Jesus says in Luke 9, "And how do you benefit if you gain the whole world but lose or forfeit your own soul in the process" (verse 25 NLT).
A miser who lived alone used to keep all his gold and precious things in a cellar under the floor of his house. One day he went down through a secret trap door to gloat over his treasures. Then the trap door banged down so that he couldn't get out. For all intents and purposes the miser had just vanished. No one could find any trace of him. People searched all over the house without finding any trace of him. After a long time, they gave up and the house was sold.
The new people who bought the house wanted to do some renovating and the cellar was found. When it was opened the miser was sitting at a table with all his gold glittering around him. The dead man had even eaten a candle before dying of hunger. Here was a man with all the money one could possibly need, but in the end it couldn’t help one bit. Jesus concluded his story saying, "This is how it is with those who pile up riches for themselves but are not rich in God's sight."
What does Jesus mean by being rich in God's sight? We might think that our greatest needs are material possessions but to be truly wealthy is to know Jesus Christ and his love for us and the forgiveness and freedom he has won for us. When I say that knowing Jesus is to be truly wealthy I don’t mean knowing that there is someone "up there" who watches over us or knowing something about Jesus’ life and what happened to him. In any modern minds there is strange mixture of wishful thinking, superstition and limited knowledge when it comes to knowing Jesus.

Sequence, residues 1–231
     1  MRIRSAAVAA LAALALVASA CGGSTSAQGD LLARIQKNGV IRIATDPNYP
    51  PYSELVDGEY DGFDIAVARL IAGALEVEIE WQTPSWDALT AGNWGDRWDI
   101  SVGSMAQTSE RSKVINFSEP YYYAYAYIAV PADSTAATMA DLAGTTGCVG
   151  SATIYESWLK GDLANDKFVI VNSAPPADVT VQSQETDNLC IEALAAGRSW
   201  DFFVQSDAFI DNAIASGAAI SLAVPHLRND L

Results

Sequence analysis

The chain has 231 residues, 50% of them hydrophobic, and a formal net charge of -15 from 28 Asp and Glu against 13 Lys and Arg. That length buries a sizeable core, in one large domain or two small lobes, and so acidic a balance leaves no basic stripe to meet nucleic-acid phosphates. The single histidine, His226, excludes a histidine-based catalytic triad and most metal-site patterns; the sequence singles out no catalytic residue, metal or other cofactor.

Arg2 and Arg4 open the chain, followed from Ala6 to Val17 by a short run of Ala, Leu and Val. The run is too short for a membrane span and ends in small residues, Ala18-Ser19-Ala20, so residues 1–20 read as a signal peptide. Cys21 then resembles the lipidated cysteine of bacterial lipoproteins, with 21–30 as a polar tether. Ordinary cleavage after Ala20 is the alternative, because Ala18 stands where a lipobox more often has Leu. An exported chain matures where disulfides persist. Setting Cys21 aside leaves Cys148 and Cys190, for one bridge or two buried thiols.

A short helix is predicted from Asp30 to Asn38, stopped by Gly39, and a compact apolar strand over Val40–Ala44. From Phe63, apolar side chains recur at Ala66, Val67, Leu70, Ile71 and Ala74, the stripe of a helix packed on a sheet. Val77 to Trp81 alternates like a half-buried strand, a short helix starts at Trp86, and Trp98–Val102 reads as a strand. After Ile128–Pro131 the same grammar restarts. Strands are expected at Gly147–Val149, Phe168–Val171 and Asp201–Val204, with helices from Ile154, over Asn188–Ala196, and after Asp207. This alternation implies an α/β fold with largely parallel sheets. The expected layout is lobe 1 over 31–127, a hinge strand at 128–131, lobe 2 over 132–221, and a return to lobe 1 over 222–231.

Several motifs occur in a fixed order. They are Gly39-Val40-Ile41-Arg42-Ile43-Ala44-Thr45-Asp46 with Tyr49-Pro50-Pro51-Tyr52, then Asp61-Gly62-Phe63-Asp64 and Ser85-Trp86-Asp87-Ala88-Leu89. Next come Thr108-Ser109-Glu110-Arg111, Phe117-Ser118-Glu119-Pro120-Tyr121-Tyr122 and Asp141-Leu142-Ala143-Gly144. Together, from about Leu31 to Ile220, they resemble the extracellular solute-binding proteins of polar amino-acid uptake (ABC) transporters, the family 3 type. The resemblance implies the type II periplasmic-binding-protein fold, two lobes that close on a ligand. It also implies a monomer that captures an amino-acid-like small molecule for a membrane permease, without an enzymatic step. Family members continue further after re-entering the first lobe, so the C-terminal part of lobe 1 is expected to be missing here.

The riches that are referred to here is knowing Jesus in such a way that you trust him, love him, rely on him, believe him, turn to him, talk to him, listen to him, have faith in him, worship him here at church, regard him as someone close and personal who is extremely interested in everything that happens in your life.
Knowing Jesus gives peace in the severest storms of life and joy when everything seems in turmoil. Knowing Jesus means that the power of sin and death no longer terrify us. We trust in all that he has done and will do for us.
When we consider all the things that make up our life, we quickly see that we have riches beyond measure every day of our life. We can have the finest car, the best house on the street, the best retirement plan, the best health, but the greatest asset that we can have is Jesus Christ and the Gospel of salvation. The riches of this world stop at the grave; God's riches are eternal.